Risk managers armed with the most sophisticated quantitative tools available did not foresee the biggest development in a generation -- the systematic breakdown and global contagion of financial markets. In an interview with Knowledge@Wharton, John Drzik, president and CEO of the Oliver Wyman Group, Richard J. Herring, a finance professor at Wharton, and Francis X. Diebold, a Wharton professor of economics, finance and statistics, discussed how to build a more informed risk management model. All
Farhad Mohit: DotSpots and the Wisdom of Crowds
Entrepreneur Farhad Mohit is hardly resting on his laurels, although he could. In 1996, he launched BizRate, a consumer rating site, and then in 2004, Shopzilla, a shopping search engine. His latest venture is DotSpots, a service that lets people update the news in real-time with dots, or distributed objects of thought. These could include mini-blog posts containing text, videos, images, documents, perspectives from the blogosphere or eye-witness accounts from the scene. Mohit talked with Knowle
Comcast and NBC Universal: The Rise of a Content King?
Philadelphia-based Comcast, the largest cable company in the U.S., has made a bid to merge its operations with NBC Universal -- home to the NBC television network, Universal Studios and popular cable channels including Bravo, USA, CNBC and MSNBC. If the deal goes through, it would create a programming giant, allowing Comcast to produce and distribute content throughout its cable networks and on web sites such as Hulu, which is partially owned by NBC Universal. Steve Ennen, managing director of t
Empty Pockets: What Does the Greek Debt Dilemma Mean for the Global Economy?
Fear is growing that Greece may default on a massive pile of debt, creating a ripple effect of problems throughout Europe and beyond. Following pressure from the European Union and the European Central Bank, the Greek government on March 3 announced a new round of austerity measures that include spending cuts and tax increases which critics fear will harm Greece's economy. Meanwhile, Wall Street banks are facing scrutiny for the complex financial instruments they used to allegedly disguise the c
Linda Katz of Children's Literacy Initiative: Why Teaching in U.S. Classrooms Isn't Making the Grade
"Dire" is one adjective that Linda Katz, founder and executive director of Children's Literacy Initiative (CLI), uses to describe the U.S. education system, which is leaving an increasingly high number of children without adequate reading and writing skills. For more than 20 years, CLI has been working with school systems across the country to overhaul how teachers are trained, hired and mentored. In an interview with Knowledge@Wharton, Katz discusses not only why classroom teaching is broken an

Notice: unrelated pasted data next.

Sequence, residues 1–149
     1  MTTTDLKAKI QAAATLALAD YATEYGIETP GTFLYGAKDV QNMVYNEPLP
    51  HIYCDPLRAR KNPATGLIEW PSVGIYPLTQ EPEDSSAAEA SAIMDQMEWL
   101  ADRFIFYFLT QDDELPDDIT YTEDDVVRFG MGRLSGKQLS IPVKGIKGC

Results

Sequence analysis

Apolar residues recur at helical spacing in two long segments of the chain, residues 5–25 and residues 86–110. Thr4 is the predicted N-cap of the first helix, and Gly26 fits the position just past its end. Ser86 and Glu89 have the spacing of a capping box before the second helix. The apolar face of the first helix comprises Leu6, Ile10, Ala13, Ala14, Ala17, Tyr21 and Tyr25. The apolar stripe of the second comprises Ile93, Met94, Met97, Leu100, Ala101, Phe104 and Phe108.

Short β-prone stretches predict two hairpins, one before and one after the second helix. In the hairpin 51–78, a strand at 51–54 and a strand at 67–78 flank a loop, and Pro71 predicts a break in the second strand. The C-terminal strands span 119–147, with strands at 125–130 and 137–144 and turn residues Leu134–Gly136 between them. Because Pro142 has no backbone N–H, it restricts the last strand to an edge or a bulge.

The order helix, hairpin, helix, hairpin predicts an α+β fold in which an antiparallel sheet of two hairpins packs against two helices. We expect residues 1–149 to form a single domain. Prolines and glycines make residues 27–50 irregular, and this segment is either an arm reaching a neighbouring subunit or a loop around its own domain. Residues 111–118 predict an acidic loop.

04 Oct 2010: The Fate of Embryonic Stem Cell Research: Examining the Legal Battle Behind the Science
The Science and Technology Policy Program of the James A. Baker III Institute for Public Policy invites you to attend a presentation on The Fate of Embryonic Stem Cell Research. At this event, experts will address recent court rulings that reinterpret the Dickey-Wicker Amendment, which prohibits the creation of human embryonic stem cell (hESC) lines from destroyed embryos. Federal funding currently is allowed for research using existing lines, all of which were created with private funds, but th
06 Oct 2010: How Things Really Work: Lessons From a Life in Politics
Bill Hobby was elected lieutenant governor of Texas in 1972. As the longest-serving lieutenant governor in Texas history, a media executive, distinguished university professor and philanthropist, he has worked to guide the state into the future. During his 18 years in office, Hobby made education a top priority and helped make health care more accessible. After leaving office in 1991, he continued to run Hobby Communications but was soon tapped to lead the University of Houston System through a
25 Oct 2010: Debt and Deficit: Long-term Fiscal Issues
A leading voice for fiscal discipline, U.S. Senator Judd Gregg, R-N.H., is currently serving his third term in the Senate and is the ranking member of the Senate Budget Committee. Previously, he served his state as governor (1989-1993) and U.S. representative (1981-1989). Gregg is a national leader on fiscal policy, a well-known budget expert and a respected voice on health care, economic and financial regulatory issues. He played a major role as a chief negotiator of the Emergency Economic Stab
Can fingerprints be forged? This MythBusters video shows that fingerprint security systems can be beaten using latex fingerprints - in less than 10 minutes.
This MythBusters video shows that fingerprint security systems can be beaten using latex fingerprints - in less than 10 minutes.